Sunday, April 22, 2007

In the skin of a lion, in the style of a dog

Phil Marchand on Ondaatje's newest:
The novel begins in the 1970s. A family – a widower, his teen-aged daughter, Anna, an adopted teen-aged orphan girl, Claire, and a slightly older adopted orphan boy named Coop – work a farm in northern California. The taciturn Coop is the "idol" of the girls. Perhaps inevitably, Coop and Anna, 16, begin an affair after Coop has moved into a cabin.

I say "perhaps inevitably" because nearly all the major characters in the novel, faced for any prolonged length of time with an individual of the opposite sex, have sex with that character. (Much of the sex involves penetration of the female from behind – future Ondaatje scholars can puzzle this one out.)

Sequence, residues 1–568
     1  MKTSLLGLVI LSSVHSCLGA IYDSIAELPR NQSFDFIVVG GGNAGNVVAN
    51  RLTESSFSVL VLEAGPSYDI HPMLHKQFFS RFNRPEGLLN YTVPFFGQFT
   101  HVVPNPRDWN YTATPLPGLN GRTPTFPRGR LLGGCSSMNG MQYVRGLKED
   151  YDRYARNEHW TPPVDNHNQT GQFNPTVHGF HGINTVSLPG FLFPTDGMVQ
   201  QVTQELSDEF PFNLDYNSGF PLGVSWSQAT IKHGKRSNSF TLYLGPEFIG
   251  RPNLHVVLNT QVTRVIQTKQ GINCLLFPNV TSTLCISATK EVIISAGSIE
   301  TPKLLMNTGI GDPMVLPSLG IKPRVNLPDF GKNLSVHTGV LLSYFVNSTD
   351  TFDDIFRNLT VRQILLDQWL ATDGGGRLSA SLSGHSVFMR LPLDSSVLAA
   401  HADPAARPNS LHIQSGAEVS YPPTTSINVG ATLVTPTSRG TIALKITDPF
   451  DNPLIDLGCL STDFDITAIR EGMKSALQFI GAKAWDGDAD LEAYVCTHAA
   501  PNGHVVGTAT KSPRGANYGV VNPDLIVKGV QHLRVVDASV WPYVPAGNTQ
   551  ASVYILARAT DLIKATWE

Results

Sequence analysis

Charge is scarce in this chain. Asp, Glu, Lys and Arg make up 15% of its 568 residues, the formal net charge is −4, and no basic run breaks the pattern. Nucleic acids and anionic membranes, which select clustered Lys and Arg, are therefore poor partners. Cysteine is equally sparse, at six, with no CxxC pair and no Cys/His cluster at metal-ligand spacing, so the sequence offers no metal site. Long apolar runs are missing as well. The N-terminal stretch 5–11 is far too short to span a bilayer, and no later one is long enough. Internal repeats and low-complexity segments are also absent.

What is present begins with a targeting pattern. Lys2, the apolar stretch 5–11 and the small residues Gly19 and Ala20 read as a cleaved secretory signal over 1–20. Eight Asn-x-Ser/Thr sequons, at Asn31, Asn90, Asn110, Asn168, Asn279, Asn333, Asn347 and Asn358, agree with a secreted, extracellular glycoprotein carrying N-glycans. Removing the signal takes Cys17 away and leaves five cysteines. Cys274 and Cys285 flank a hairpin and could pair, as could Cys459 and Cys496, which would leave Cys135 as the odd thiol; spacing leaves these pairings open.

[Emphasis mine]
Oddly but interestingly, this from-behind tendency is one I noticed in Michael Winter's more-than-a-little Ondaatje-esque novel The Big Why, which I reviewed for Saturday Night magazine way back when. This is all perhaps completely irrelevant and childish, but is nonetheless a fine example of the Raised Eyebrow school of literary criticism.

1 comment:

William Appropriate said...

My friend, it all relates back to his poem The Cinnamon Peeler. Michael O. is one bad mammajamma.